Presently it can take several months for patients to get a diagnosis. They’d usually have to have an ultrasound, liver clinic appointment, a biopsy and a further appointment to discuss the results. Soon we may be able to replace all of this with a single LiverMultiScan test and get a same-day diagnosis.

Starting up a spin-out company gives an academic scientist insight into a completely different world with opportunities that are difficult to achieve in the traditional academic environment. One can raise funding and realise ideas relatively quickly, and bring new concepts into clinical practice in a short space of time.

If, as academics, we feel we work in a high pressure environment, it’s no different in industry – the investment you’ve got sets the runway, and there’s a limited and strictly defined time to either succeed or fail. As in academia, there are no guarantees of success, and it’s extremely hard work.

The best advice I’d give to a scientist looking to set up a spin-out company would be to ask the experts for help early, and choose the right people for your core team. Their vision and enthusiasm is as least as important as the actual idea and the intellectual property. With the right team in place, a clinical academic can realistically set up a company without it eating too much into the time dedicated to academic work.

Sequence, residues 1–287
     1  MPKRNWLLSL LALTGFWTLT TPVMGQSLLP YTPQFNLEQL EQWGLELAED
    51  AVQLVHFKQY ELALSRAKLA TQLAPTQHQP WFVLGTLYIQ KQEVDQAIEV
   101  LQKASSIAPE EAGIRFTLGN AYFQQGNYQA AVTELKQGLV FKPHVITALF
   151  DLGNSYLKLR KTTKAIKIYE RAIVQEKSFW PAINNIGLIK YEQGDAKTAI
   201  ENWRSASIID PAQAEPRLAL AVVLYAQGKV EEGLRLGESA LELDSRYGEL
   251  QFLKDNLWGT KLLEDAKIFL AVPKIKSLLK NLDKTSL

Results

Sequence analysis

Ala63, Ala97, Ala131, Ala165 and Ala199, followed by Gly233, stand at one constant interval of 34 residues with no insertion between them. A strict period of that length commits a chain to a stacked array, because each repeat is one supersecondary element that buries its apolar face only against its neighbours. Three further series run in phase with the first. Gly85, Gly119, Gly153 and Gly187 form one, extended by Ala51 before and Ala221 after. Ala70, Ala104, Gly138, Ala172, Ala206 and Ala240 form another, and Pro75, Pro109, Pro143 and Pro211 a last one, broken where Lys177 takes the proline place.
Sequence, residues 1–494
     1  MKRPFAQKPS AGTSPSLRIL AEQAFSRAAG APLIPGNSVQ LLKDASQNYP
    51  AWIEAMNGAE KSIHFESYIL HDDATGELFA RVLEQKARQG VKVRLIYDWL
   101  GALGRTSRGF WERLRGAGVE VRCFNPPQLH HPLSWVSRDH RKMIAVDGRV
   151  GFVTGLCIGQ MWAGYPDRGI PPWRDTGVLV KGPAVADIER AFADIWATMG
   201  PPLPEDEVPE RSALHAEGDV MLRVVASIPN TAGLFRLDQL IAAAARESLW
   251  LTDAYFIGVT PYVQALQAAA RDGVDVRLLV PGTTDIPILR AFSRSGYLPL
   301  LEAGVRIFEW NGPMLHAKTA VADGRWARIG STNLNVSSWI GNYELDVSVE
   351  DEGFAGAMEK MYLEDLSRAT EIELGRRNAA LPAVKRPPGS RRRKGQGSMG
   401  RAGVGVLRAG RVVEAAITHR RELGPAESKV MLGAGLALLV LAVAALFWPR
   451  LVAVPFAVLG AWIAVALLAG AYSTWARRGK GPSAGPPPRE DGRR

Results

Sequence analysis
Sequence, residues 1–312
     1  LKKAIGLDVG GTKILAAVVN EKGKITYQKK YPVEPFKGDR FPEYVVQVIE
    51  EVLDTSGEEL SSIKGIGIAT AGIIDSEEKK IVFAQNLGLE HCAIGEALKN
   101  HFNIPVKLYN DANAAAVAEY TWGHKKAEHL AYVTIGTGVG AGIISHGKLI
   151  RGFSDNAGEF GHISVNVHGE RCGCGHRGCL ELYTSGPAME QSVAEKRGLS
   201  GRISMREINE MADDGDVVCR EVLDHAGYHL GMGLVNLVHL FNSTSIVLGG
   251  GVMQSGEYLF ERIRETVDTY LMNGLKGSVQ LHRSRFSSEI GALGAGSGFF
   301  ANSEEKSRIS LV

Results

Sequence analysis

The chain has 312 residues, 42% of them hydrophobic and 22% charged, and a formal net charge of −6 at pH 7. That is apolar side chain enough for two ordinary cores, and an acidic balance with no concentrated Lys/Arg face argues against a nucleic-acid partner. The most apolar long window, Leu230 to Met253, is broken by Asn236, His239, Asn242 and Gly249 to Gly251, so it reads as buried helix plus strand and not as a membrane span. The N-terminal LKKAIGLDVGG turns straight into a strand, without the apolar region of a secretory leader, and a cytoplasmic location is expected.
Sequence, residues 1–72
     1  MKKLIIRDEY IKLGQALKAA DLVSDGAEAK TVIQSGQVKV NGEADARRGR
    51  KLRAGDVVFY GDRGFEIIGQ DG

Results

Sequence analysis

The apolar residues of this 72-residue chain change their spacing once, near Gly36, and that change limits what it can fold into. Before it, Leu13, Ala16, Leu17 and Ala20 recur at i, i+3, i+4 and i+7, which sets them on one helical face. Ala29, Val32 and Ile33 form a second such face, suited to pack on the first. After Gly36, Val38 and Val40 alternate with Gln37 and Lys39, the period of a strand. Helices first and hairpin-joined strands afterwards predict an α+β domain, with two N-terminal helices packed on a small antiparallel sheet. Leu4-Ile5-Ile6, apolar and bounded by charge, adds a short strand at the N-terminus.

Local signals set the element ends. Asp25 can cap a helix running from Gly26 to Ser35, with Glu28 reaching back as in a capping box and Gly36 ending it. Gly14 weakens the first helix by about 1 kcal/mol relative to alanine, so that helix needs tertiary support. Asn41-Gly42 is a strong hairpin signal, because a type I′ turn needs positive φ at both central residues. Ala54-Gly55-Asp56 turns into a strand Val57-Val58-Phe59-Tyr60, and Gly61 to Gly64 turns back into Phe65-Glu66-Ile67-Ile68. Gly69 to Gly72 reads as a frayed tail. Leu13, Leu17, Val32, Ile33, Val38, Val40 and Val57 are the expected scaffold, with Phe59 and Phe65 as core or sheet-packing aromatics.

When you make a discovery with commercial potential, it can be hard to suppress the academic’s instinct to rush to submit an abstract or sneak it into slides for your next plenary talk. But you have to keep it under your hat and think about protecting it first, because if you show your data in a public forum that negates any intellectual property you might want to file.

These are exciting times because we expect the company to grow rapidly over the next year or two and to begin marketing this test worldwide. We now have 12 staff, and last year we got further funding from Innovate UK to develop the scan further and show that it works in the ‘real world’. We also achieved CE marking last September so that we can sell the test in Europe, and we’ve applied for FDA approval in the US.

I’m still first and foremost a clinical academic, and I am fortunate in that I really love what I am doing – my work is my hobby. As a clinician I’m always glad if I can help diagnose a difficult case or guide challenging treatment decisions so that a patient receives the best care. As a scientist I love to push the boundaries or our knowledge and develop new techniques. I hope that LiverMultiScan will be a great success but if, by the end of my career, I can say I’ve made a lasting contribution to improving patient care in cardiovascular and liver diseases and to training the next generation of scientists, I’ll be happy.

As told to Sarah Harrop

This article appears in the Spring 2015 issue of Network magazine, which will be published on 10 April.